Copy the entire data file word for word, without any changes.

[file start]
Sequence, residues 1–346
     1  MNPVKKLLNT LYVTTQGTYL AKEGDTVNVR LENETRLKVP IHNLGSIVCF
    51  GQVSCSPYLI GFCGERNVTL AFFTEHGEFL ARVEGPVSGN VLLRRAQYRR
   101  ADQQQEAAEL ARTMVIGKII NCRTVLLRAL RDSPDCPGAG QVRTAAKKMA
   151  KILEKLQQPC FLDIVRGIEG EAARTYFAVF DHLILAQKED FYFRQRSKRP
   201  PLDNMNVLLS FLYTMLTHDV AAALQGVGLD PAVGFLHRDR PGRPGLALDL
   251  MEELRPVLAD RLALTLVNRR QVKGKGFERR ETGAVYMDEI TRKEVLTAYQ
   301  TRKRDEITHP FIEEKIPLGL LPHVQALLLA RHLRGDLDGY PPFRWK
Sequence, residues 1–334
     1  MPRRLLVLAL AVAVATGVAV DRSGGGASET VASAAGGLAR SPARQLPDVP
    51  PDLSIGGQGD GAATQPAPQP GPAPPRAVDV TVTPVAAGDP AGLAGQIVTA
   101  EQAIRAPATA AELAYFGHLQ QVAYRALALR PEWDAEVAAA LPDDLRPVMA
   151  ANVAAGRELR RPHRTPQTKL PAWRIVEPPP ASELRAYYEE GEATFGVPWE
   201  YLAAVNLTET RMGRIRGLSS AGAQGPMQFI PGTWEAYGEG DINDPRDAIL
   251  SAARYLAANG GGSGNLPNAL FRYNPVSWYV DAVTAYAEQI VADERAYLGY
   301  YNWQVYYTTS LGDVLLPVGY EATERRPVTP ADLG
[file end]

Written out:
Sequence, residues 1–346
     1  MNPVKKLLNT LYVTTQGTYL AKEGDTVNVR LENETRLKVP IHNLGSIVCF
    51  GQVSCSPYLI GFCGERNVTL AFFTEHGEFL ARVEGPVSGN VLLRRAQYRR
   101  ADQQQEAAEL ARTMVIGKII NCRTVLLRAL RDSPDCPGAG QVRTAAKKMA
   151  KILEKLQQPC FLDIVRGIEG EAARTYFAVF DHLILAQKED FYFRQRSKRP
   201  PLDNMNVLLS FLYTMLTHDV AAALQGVGLD PAVGFLHRDR PGRPGLALDL
   251  MEELRPVLAD RLALTLVNRR QVKGKGFERR ETGAVYMDEI TRKEVLTAYQ
   301  TRKRDEITHP FIEEKIPLGL LPHVQALLLA RHLRGDLDGY PPFRWK
Sequence, residues 1–334
     1  MPRRLLVLAL AVAVATGVAV DRSGGGASET VASAAGGLAR SPARQLPDVP
    51  PDLSIGGQGD GAATQPAPQP GPAPPRAVDV TVTPVAAGDP AGLAGQIVTA
   101  EQAIRAPATA AELAYFGHLQ QVAYRALALR PEWDAEVAAA LPDDLRPVMA
   151  ANVAAGRELR RPHRTPQTKL PAWRIVEPPP ASELRAYYEE GEATFGVPWE
   201  YLAAVNLTET RMGRIRGLSS AGAQGPMQFI PGTWEAYGEG DINDPRDAIL
   251  SAARYLAANG GGSGNLPNAL FRYNPVSWYV DAVTAYAEQI VADERAYLGY
   301  YNWQVYYTTS LGDVLLPVGY EATERRPVTP ADLG